Bushcraft axe review

Kindliing

Lofty Wiseman
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I like this guys get in there and get it done attitude. Fits well with my attention tolerance well ;)

Makes a quick couple handles and gives some good reference points .
 

Randall

Rüdiger Nehberg
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I like this guys get in there and get it done attitude. Fits well with my attention tolerance well ;)

Makes a quick couple handles and gives some good reference points .
Yes, I think with wooden handles that's a good thing. They do break and come loose, and sometimes, despite your best efforts you overstrike. I would spend most of my time finding the right piece of timber, and not so much time making it, I hope. Better putting time into sharpening and skills :)
 

Kindliing

Lofty Wiseman
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I ended up carving out a long tomahawk handle today from a piece of big old heavy gum Branch that came down a while ago after getting motivated.

Bought a cheap fibreglass tomahawk which I thought if the handle fails, I'll take out and replace.

Came across a grub half way in , bush Tucker. Had enough timber to thin past it.

Used the tomahawk to rough the handle down after first making the flat sides profiles in alignment to follow on with the knife.

The bahco was a really awesome impressive little carving knife. Still razor sharp after hours of hard work.
 

Randall

Rüdiger Nehberg
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Actually, after my comment on the axe handles, I thought more. If I was making tomahawk handles, they would be worth more time. Very unlikely to break. They also need a really nice fit to hold well because they don't use a wedge. I don't think the handle on your cheap axe will ever need replacing; well, not in your lifetime.
 

Kindliing

Lofty Wiseman
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Actually, after my comment on the axe handles, I thought more. If I was making tomahawk handles, they would be worth more time. Very unlikely to break. They also need a really nice fit to hold well because they don't use a wedge. I don't think the handle on your cheap axe will ever need replacing; well, not in your lifetime.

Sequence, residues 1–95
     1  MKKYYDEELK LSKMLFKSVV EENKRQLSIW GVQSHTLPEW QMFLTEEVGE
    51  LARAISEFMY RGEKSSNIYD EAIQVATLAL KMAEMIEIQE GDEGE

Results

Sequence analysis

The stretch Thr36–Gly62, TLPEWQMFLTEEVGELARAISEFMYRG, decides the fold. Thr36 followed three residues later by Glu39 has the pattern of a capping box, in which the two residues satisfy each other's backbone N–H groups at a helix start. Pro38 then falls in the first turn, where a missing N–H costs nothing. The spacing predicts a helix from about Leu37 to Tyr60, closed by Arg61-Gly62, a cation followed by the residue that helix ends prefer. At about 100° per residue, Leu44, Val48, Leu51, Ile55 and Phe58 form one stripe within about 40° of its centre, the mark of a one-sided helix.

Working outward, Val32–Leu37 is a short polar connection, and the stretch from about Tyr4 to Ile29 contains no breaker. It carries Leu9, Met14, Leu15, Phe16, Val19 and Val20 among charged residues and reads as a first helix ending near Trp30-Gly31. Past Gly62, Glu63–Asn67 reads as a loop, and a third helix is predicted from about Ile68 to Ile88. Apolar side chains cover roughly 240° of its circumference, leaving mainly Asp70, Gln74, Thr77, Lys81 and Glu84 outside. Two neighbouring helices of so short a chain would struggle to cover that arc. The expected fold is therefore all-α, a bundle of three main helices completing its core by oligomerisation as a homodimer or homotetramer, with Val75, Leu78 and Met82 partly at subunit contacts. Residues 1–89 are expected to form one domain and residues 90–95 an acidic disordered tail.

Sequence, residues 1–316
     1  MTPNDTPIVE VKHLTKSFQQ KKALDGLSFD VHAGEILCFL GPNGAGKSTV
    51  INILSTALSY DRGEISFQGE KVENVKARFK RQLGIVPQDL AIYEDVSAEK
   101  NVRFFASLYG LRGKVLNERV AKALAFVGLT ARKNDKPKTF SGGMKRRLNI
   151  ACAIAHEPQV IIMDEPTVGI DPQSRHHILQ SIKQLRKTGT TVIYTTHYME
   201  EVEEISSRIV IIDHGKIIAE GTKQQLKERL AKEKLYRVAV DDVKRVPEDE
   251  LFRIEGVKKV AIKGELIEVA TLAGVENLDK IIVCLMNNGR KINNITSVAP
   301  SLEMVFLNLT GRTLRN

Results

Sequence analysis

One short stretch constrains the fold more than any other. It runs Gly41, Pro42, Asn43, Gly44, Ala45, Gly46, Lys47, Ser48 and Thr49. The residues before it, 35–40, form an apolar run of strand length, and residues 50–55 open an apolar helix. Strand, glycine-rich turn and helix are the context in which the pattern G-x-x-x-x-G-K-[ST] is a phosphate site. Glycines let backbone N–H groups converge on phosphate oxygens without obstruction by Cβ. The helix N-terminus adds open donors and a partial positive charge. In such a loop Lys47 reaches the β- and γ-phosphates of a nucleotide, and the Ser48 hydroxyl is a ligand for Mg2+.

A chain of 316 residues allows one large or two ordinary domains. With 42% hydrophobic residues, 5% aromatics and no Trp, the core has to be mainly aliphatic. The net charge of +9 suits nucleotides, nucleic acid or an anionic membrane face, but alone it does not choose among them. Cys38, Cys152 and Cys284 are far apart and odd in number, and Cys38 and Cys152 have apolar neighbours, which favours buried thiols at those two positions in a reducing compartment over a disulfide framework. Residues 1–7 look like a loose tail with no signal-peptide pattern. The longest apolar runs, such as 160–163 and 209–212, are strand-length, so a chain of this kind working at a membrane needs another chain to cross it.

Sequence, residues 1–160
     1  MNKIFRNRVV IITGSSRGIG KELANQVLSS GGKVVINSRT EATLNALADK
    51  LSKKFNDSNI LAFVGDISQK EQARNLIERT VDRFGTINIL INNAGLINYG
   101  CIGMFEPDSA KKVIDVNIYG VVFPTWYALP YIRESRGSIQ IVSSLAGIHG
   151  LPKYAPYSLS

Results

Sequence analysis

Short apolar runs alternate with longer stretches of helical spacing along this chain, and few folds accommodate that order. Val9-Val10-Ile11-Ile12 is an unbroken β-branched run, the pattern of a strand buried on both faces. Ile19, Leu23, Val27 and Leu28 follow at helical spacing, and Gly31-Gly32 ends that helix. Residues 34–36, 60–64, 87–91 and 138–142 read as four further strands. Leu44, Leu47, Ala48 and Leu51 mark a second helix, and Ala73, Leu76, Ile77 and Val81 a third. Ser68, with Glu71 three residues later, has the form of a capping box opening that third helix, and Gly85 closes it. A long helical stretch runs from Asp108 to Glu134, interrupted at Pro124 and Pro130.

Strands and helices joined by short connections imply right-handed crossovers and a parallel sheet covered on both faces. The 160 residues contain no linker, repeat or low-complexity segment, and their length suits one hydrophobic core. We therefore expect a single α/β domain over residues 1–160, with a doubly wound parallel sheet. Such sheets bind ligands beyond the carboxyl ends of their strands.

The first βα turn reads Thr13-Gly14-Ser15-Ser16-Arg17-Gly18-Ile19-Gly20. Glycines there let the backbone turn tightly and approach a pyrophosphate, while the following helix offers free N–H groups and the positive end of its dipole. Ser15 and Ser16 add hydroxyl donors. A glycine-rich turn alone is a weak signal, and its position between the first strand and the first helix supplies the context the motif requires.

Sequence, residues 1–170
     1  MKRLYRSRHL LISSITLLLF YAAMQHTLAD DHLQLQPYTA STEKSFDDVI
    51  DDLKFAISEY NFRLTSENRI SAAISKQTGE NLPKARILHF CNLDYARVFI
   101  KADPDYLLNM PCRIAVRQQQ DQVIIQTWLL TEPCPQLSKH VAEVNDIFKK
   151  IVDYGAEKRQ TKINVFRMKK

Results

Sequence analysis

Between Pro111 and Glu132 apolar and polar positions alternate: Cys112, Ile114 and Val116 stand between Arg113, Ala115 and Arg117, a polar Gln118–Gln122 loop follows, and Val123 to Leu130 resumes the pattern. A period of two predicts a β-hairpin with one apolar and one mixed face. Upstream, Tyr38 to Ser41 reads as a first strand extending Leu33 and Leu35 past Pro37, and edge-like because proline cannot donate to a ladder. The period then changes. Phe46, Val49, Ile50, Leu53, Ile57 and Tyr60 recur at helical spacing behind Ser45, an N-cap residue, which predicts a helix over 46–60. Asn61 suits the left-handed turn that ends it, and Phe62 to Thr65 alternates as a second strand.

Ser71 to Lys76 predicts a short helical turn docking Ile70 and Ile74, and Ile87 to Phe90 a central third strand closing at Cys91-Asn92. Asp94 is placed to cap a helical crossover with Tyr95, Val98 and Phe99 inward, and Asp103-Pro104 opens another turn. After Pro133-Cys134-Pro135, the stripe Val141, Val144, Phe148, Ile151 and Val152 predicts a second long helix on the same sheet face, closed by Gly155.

That would be nice if it didn't break , it's a good tool. Fibre glass can last a long time sometimes. I put it on the stone when I first got it to sharpen it a bit more.

I have a bear bow with fibreglass limbs from 1978 and it's still shooting good.

The tomahawk handle was hard carving (timber), I will keep my eye out for a head for it now.
It was a good exercise in learning and fun making this first one.
I love the look of the hand worked timber.
It got a coat of oil. 27249
 

Randall

Rüdiger Nehberg
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That would be nice if it didn't break , it's a good tool. Fibre glass can last a long time sometimes. I put it on the stone when I first got it to sharpen it a bit more.

I have a bear bow with fibreglass limbs from 1978 and it's still shooting good.

The tomahawk handle was hard carving (timber), I will keep my eye out for a head for it now.
It was a good exercise in learning and fun making this first one.
I love the look of the hand worked timber.
It got a coat of oil.
re time: yeah, I made a wooden mallet with my 1.6kg head axe :ROFLMAO:. It's much less work and more primitive than your handle. The wood is a type of wattle - tougher and more dense than anything I've cut or played with. I think I spent over an hour on it. The axe is sharp. I wasn't wearing gloves, so had a big blister - using the axe one handed. It's an awesome mallet though - I've been using it a lot. I have since given it a coat of old engine oil :oops: All the axe work was done on a chopping block.

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Kindliing

Lofty Wiseman